The nature of utilitarianism is based on the idea of consequences emerging from right or wrong actions from individuals. The theory of utilitarianism suggests that actions are right if they bring good outcomes; actions are wrong if they bring unhappiness. Thus, utilitarianism encourages people to pursue good things due to their moral rightness. The model also emphasizes on the need to bring pleasure without causing any harm. Based on the model of utilitarianism, individuals should seek to maximize pleasure while reducing pain. John Stuart Mill supported the principle of utilitarianism, arguing that actions are usually right when they bring happiness to the individuals. On the other hand, wrong actions usually bring unhappiness and trouble to the individuals involved. Both Bentham and Mill supported the concepts underlying utilitarianism, as they believed that all actions should bring happiness and joy to the society. For instance, Bentham had raised his strong arguments against cruelty to animals. They also thought that capital punishment is an unacceptable way of punishing criminals. However, they advocated for the reforming of the criminals. Mill also suggested that all actions are done to benefit the entire world. Mill advocated for subordinates’ rules such as common sense as a familiar way of promoting happiness in the society. Kant’s Deontological ethics only uses people to obtain their demands, which is disrespectful and ignores the power of moral legislations.
Kant’s deontological ethics approach explains that the moral worth of an individual’s action is evaluated by the nature of human will. Kant highly regarded the human will as the only thing in the world that can be said to be good. In most occasions, good will is supported by moral duty and proper legal frameworks. The categorical imperatives in Kantian ethics help in creating a boundary of the duty of the individual’s actions. According to Kant’s suggestions, the maintenance of true moral proportion is a relevant categorical imperative that is not defined by people’s identity. This helps in developing a universal law that can act without any form of contradiction. Categorical imperatives also comprise the imperfect duties that rely on individual’s reasoning. Such duties are based on subjective minds without any room for interpretation. They also support the rational actions done by people in the society. It further argues that free will helps in the provision of rational actions. Most importantly, the categorical imperative of the concept of humanity is crucial. It suggests that people should act in a manner that means you approve of someone acting towards you.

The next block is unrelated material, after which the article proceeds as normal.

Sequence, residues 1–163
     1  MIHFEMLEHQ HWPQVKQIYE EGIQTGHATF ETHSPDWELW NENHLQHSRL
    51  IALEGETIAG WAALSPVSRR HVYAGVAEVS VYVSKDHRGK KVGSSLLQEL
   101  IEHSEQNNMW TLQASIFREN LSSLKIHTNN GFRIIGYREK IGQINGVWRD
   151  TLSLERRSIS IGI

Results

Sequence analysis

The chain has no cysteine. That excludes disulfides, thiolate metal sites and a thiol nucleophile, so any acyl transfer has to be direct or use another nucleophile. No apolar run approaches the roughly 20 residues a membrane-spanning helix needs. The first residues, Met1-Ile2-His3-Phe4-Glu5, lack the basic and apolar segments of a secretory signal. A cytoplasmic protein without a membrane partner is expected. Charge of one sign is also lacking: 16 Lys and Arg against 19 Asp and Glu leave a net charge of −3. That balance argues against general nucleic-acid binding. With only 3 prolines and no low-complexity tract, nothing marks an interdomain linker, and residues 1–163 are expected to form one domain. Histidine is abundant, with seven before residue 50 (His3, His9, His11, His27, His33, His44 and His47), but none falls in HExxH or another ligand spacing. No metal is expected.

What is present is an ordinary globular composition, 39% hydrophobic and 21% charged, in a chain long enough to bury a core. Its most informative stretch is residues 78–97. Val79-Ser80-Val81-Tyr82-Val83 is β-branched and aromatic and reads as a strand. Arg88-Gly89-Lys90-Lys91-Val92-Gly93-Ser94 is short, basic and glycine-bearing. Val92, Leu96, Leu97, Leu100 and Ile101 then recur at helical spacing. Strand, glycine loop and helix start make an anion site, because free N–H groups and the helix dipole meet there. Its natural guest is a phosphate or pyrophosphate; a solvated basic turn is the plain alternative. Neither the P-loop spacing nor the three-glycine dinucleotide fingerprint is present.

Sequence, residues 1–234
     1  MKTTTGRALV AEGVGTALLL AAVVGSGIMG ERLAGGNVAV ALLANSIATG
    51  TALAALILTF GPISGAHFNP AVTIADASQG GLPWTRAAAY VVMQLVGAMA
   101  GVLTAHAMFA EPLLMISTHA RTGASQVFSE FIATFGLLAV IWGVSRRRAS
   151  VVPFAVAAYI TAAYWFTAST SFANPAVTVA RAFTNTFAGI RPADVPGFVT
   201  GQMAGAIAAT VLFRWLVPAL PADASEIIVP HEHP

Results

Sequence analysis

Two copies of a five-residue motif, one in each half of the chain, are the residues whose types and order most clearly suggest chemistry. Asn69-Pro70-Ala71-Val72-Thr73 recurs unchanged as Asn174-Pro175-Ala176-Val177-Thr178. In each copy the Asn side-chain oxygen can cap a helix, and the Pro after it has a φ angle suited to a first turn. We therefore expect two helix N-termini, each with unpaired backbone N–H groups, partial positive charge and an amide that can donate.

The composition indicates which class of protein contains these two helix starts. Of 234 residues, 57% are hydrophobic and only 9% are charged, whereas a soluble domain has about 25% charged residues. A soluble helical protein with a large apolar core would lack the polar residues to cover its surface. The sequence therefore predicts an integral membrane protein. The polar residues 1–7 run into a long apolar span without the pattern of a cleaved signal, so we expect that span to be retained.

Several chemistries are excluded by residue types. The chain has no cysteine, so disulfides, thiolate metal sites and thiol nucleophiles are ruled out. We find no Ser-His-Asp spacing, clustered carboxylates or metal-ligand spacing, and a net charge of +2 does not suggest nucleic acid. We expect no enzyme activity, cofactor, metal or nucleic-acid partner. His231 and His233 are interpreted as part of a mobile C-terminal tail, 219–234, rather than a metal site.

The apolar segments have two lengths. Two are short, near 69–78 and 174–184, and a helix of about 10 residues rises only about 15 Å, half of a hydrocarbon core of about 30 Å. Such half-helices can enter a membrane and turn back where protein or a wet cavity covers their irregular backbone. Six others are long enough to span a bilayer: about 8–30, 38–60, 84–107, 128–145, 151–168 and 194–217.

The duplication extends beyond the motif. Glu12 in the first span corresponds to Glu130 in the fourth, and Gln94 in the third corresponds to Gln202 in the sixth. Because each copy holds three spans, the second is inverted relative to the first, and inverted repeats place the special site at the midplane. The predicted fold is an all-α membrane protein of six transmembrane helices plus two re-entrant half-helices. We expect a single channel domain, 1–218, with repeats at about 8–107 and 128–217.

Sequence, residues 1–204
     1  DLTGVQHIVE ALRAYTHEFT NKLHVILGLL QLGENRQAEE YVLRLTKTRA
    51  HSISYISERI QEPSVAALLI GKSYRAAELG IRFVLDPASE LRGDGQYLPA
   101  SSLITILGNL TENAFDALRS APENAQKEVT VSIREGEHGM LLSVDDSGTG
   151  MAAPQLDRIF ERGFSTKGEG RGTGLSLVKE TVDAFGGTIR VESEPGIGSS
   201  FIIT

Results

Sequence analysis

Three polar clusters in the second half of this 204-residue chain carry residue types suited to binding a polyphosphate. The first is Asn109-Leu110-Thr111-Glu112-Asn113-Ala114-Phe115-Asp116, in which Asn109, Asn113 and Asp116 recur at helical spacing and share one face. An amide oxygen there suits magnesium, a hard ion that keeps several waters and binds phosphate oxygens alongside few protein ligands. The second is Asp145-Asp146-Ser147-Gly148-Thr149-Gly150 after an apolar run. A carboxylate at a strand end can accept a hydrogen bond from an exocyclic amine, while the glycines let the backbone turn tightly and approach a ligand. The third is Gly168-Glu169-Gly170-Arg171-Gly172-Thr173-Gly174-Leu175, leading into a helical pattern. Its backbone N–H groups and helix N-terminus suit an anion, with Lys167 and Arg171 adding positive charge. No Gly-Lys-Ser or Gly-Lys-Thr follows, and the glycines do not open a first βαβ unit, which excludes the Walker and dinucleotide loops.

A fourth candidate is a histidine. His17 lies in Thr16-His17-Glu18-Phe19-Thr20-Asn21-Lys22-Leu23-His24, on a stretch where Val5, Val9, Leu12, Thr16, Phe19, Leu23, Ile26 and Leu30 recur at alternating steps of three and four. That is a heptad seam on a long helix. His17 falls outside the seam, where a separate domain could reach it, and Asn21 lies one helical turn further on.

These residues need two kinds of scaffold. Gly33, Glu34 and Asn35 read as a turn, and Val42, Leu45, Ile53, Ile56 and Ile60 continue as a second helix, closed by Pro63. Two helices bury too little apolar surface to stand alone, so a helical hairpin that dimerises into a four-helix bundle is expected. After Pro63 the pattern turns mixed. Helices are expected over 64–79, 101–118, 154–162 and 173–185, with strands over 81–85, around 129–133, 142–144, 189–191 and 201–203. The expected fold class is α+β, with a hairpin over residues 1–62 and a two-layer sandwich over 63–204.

Based on the existence of both accounts, I think that utilitarianism is more plausible than the Kant’s deontological ethics approach. Utilitarianism advocates for people performing actions that bring pleasure and happiness in their lives. This forms the basis for moral actions and rightness in the society. On the other hand, Kant’s deontological ethics supports human will in all actions performed. It is difficult to allow the universality of individuals’ subjective decisions in human actions. This overlooks the role of moral regulations and laws that form the guiding principles of any society. I also think that utilitarianism supports the moral regulations and laws as it encourages people to perform good actions.
Rand argued that there is need to uphold positive unity of interests among rational and independent persons. This means that no individuals should be forced by another to act in certain ways in order to promote their long term self interests and ambitions. The main principles of ethical egoism are to promote a person’s self-interests. This implies the pressure cited by Rand’s suggestions to keep the independence and freedom of individuals in the society. Rand insisted that the main goal in a person’s life is to achieve their own self-interests. In spite of all, Rand appreciated the value of an individual to another, but emphasized on the need to maintain freedom for the individual’s own decision-making. This would help in promoting benefits received by both individuals. Rand opposed the attempts to equate the model of ethical egoism with selfishness. He argued that promoting self-interests could be in seeking to assist other people or failing to cause them harm. Therefore, Rand’s arguments show strong support for the ideals of ethical egoism in the society.
Medlin’s response to Rand’s argument was that ethical egoism should not be categorized as a moral theory. According to Medlin, egoism is not rational, as the basis of Rand’s arguments does not offer any rational principle of human thinking and actions. In addition, he argued that the ethical egoism theory is full of inconsistencies that cannot be acceptable in morality. Such inconsistent attitudes and feelings towards humans are dangerous in the society. Based on Medlin’s view, he argues that the egoism theory provides arbitral principles and mere claims that cannot make the theory moral. Most importantly, it indicates the lack of universal and categorical ideas in the theory. I support Medlin’s response to Rand’s arguments on the lack of universality and inconsistencies in the ethical egoism theory. The theory should be more categorical on its arguments to make it valid and acceptable as a moral theory.